Pepsi joins the war effort through its company magazine, Pepsi-Cola World, gift boxes for the troops and its Voice Records program. The Voice Record, a small white disc carrying the Pepsi logo, enables servicemen to record messages to send home, along with a letter on
Pepsi stationery.

Rationing and shortages lead to innovation. Hot Pepsi with lemon is touted as a ready-sweetened coffee and tea substitute, and Pepsi-Cola, ‘the temperate drink,’ is advertised as an alternative to alcoholic beverages.

The first manufacturer in Canada to use skywriting for promotion, Pepsi delights lunchtime crowds from Winnipeg to Montreal.

Pepsi creates two popular cartoon characters, Pete and Pop, for its print and in-store advertising.

The first-ever ‘Pepsi Taste Test’ is held in Montreal, kicking off the switch in advertising strategies from focusing on economy to product quality. Pepsi also begins using a new medium, billboards.

1950 – 1958
Consumers interest shifts from taste to image and luxury, so Pepsi is repackaged in a distinctive modern swirl bottle appealing to elegant hostesses and youth.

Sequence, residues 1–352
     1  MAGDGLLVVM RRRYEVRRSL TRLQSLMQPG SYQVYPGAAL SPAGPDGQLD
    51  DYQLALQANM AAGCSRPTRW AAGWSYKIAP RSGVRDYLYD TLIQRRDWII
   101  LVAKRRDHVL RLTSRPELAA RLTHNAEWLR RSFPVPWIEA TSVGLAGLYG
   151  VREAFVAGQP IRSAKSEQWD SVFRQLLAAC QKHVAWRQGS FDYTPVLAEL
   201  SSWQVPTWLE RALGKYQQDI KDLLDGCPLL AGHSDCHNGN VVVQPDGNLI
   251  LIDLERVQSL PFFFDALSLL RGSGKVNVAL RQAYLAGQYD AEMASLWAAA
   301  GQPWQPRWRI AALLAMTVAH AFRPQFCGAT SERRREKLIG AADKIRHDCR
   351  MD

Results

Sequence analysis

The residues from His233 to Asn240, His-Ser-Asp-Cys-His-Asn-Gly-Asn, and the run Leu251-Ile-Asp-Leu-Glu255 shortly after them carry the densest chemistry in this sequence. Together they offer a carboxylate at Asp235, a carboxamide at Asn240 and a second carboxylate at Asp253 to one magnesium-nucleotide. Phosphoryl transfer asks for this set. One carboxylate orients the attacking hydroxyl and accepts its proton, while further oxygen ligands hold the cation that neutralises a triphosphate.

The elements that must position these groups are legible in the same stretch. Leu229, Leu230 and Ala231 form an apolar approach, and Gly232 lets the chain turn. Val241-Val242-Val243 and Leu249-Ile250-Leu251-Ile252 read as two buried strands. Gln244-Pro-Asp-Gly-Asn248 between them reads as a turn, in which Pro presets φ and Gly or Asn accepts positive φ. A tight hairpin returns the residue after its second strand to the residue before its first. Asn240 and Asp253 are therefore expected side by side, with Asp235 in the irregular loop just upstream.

Pepsi responds to changing consumer attitudes by reducing the level of sugar in Pepsi and creating a ‘Light Refreshment’ tagline that appeals to customers’ healthy and sophisticated self-image.

Pepsi-Cola launches its first ‘Under the Cap’ promotion in Canada.

Pepsi’s image advertising target broadens from ‘sophisticates’ to ‘carefree sociables’ with ‘The Refreshment of Friendship’ and invites consumers to ‘Make Friends with Pepsi.’

Pepsi stuns the industry with the introduction of a 10-ounce swirl bottle. It takes the competition more than five years to move from the standard six-ounce bottle.

Ted Fisher, Pepsi’s Canadian ad manager, drops a bombshell on bottlers when he advises them to move ad dollars from traditional forms of local advertising into television in order to increase sales.